- Objective, reliable statistics about the cost of ediscovery are difficult to obtain. Ediscovery is inherently complex, involving a number of different actors engaged in preservation, collection, data processing, review, and production. Accounting for “soft” costs such as employee downtime is problematic. Lawyers, consultants, and litigation support professionals may inflate or minimize cost data for strategic purposes. Parties and their counsel are averse to disclosing their costs, viewing them as part of the confidential attorney-client relationship.
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Chapter V. Search and Review of ESI 7 results (showing 5 best matches)
- Fourth, the Court found it very helpful that the parties’ ediscovery vendors were present and spoke at the court hearings where the ESI Protocol was discussed…. Even where as here counsel is very familiar with ESI issues, it is very helpful to have the parties’ ediscovery vendors (or in-house IT personnel or in-house ediscovery counsel) present at court conferences where ESI issues are being discussed. It also is important for the vendors and/or knowledgeable counsel to be able to explain complicated ediscovery concepts in ways that make it easily understandable to judges who may not be tech-savvy.
- Texas attorney and ediscovery expert Craig Ball put these steps into language more familiar to practicing lawyers in his article,
- (i) Defendants may retain ediscovery vendor Kroll OnTrack and employ Kroll OnTrack and its computer assisted review tools to conduct document review;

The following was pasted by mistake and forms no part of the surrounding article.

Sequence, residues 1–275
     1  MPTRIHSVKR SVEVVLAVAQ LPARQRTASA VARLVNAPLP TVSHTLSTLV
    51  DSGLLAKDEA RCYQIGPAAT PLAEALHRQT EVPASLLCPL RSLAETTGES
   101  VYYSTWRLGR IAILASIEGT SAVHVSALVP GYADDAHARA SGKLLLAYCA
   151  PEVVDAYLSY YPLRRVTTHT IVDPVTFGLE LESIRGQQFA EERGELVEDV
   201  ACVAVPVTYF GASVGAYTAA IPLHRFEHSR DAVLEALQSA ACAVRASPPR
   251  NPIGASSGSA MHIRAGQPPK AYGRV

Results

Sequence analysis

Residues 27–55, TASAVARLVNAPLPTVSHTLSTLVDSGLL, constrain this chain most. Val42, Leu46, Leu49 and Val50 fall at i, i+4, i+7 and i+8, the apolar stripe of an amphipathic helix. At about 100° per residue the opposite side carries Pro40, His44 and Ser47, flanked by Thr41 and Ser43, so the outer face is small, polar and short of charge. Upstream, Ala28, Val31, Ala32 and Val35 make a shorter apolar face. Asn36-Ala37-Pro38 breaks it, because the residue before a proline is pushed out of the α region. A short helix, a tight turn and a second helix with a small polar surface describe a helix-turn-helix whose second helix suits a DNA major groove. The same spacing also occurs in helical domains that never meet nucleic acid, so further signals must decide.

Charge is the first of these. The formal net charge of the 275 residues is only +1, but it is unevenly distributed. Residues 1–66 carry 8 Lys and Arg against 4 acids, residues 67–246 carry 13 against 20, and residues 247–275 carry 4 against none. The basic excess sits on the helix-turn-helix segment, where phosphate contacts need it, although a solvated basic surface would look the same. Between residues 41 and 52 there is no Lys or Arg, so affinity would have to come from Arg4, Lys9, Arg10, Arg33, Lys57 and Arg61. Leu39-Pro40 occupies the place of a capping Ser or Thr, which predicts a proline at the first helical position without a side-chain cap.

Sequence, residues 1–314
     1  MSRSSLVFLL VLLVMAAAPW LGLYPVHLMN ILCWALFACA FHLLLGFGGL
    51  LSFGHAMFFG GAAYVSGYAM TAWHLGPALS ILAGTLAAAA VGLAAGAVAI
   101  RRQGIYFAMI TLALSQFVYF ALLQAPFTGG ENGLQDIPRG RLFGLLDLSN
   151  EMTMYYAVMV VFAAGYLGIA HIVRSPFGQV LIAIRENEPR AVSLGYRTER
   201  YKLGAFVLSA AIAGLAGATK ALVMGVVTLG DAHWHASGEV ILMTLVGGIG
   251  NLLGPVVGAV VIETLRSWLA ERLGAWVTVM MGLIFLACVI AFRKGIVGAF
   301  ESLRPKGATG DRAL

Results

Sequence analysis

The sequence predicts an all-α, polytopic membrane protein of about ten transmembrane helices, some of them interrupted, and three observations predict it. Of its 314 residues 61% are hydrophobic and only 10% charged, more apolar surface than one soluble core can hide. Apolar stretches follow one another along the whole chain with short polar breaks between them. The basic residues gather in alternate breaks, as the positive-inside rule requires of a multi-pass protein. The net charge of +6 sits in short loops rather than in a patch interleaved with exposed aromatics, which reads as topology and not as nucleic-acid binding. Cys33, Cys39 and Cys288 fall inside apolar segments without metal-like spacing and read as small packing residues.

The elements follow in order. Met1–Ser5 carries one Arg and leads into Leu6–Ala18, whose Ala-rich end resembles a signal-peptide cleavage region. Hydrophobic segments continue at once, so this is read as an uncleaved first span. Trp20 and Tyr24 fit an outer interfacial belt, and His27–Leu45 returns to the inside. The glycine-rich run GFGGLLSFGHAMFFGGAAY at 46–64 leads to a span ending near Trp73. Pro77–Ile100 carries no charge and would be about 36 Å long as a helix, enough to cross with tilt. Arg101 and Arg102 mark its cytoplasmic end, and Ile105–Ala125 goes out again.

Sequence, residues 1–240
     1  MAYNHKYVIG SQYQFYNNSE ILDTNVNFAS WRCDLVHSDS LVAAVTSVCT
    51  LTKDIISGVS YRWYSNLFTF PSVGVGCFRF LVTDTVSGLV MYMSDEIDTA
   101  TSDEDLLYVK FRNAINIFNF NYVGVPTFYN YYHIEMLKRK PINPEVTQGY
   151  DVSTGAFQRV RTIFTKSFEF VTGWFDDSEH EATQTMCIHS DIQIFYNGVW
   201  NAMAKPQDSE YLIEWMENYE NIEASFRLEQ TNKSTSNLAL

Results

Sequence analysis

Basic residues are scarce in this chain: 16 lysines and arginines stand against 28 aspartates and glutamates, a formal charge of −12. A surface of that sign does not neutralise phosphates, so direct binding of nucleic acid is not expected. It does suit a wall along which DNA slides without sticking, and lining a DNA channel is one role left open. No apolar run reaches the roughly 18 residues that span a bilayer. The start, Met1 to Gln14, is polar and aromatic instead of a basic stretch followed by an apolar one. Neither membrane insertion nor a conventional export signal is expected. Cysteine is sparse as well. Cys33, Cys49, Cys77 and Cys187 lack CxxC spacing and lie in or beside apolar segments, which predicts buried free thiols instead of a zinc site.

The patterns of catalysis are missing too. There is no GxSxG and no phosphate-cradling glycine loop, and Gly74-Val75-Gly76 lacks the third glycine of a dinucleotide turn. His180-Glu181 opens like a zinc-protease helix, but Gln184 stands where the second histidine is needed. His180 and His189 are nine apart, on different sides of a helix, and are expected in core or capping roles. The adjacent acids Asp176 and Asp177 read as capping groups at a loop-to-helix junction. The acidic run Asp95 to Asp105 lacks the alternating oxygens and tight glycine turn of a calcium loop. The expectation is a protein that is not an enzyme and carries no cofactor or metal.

- Lawyers may be well versed in using Westlaw, Lexis, and the Internet to search for case law precedent. However, the information retrieval task of searching for “the” case (or select few cases) to support a particular legal proposition made in a brief is a very different one than the task confronting the lawyer in ediscovery, for several reasons.
- course of business in a wide variety of formats, often by people using informal language inconsistently, and seldom organized for later retrieval. In the case of ediscovery, counsel and client are under a duty to make a reasonable search for “all” relevant, non-privileged documents and ESI responsive to the particular request. The task of finding “all” relevant documents and ESI is increasingly difficult due to the volume and inherent complexities of ESI. Even in the simplest case requiring a search of online email, there is no guarantee that using keywords will always prove sufficient.